She also got another spinal tap today, since they have to do more tests, but luckily we all remake spinal fluid within a few days. They actually froze a whole vile of it in case they needed more later, that way they don't have to poke her again. It was funny because the nurse told us that while she was sedated for the the spinal tap, they had to take off her diaper and clean the area of her back, but that she started pooing and they had to wait for her to finish. The funny part was every time they thought she was done, more kept coming out! :D Apparently the doctor kept telling our nurse: "ew! Elena, clean it!!" haha, she was teasing him about having to get used to it if he was ever going to have kids.
The ophthalmologist came by today to let us know that he showed some videos of Leah's eye movements to his colleague who is a pediatric neuro-ophthalmologist, and he said that it looked like opsoclonus-myoclonus to him and he wanted to come over to see her in person. I think they said they were coming tomorrow. He also mentioned that many people who have opsoclonus don't always develop the tumor and what she is going through may be an autoimmune response of her body that could have been because of her vaccines or sometimes a cold can do this as well. We mentioned that this all started after her vaccines and that when they did cultures from her nose, they found the common cold virus, and the coxackie virus. So, he thinks that it might be able to be treated with IVIG. Again, that's an assumption and we'll have to make sure they rule out the big bad things like cancer, before they can say exactly what it could be.
She continues to respond to our voices immensely to the point that even heavily sedated she manages to open her eyes and melt us. Her breathing issues may NOT be attributed to anything connected to what she's had, other than possibly major acid reflux corrosion that irritated her airway causing her to choke.
The neurology team also came by today to see her, and they don't really have any news, but they did tell us that they are going to reach out to Dr. Pranzatelli, who is supposed to be the best doctor in the world in the specialty of opsoclonus-myoclonus (http://www.omsusa.org/ is his website). So, they are talking to him about Leah to see what treatment options are available for her. Which is really great, since we had done some research and had seen his name pop up and were going to tell the doctors about him, but they are already on it.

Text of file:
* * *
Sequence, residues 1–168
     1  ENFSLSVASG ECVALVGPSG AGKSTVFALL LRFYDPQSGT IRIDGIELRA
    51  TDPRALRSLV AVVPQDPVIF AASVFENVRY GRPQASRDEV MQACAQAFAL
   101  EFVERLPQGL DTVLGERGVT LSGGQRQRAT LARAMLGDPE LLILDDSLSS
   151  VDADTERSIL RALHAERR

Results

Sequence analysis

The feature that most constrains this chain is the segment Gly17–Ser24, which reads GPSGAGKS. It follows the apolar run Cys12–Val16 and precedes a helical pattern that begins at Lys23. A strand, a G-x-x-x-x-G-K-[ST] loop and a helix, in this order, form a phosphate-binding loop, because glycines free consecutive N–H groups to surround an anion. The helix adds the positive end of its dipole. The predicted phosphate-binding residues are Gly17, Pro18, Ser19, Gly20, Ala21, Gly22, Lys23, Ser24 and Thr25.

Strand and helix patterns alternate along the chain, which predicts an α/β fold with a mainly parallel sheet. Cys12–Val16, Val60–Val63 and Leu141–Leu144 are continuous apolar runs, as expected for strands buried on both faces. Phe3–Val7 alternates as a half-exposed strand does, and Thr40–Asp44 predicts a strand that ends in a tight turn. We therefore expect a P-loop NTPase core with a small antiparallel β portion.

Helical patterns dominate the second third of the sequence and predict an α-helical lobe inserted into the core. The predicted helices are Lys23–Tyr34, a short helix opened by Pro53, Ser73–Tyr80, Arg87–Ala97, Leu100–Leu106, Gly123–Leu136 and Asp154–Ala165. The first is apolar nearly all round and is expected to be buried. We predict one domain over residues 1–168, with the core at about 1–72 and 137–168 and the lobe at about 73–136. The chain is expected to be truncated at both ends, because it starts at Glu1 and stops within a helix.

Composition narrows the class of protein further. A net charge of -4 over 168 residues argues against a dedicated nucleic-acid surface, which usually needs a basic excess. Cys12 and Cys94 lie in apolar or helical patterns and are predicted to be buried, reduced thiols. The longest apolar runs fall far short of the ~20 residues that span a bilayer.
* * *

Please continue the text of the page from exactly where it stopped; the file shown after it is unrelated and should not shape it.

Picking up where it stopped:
We also got a visit from a representative from Chai Life Line (http://www.chailifeline.org/), which is a jewish organization which helps families that have children in the hospital. They were really great and are bringing us lunch and dinner everyday, which is such a relief since buying food at the hospital cafeteria gets expensive and sort of boring (as far as the food is concerned).
They are also working with the social workers here at UCLA to write letters to my work and Zev's work excusing us because of Leah's condition. Not that they wouldn't excuse us, but it's more of a proof thing to have.
We also got a visit from our best friend's parents, Dolores and Ray Starke today who have been incredibly supportive and they took us out to lunch while Leah got her lumbar puncture. It was nice to have them here and be able to talk to them, they are sort of like our Mormon parents, lol. :)
My mom also came by for a little bit, with a mask on, since she is taking care of a little girl who is sick, so she didn't want to pass it on. She was able to look at Leah through the glass door at least.
I don't think I have anymore updates for now, we are just waiting for tomorrow, and taking one day at a time.
Keep Leah in your prayers.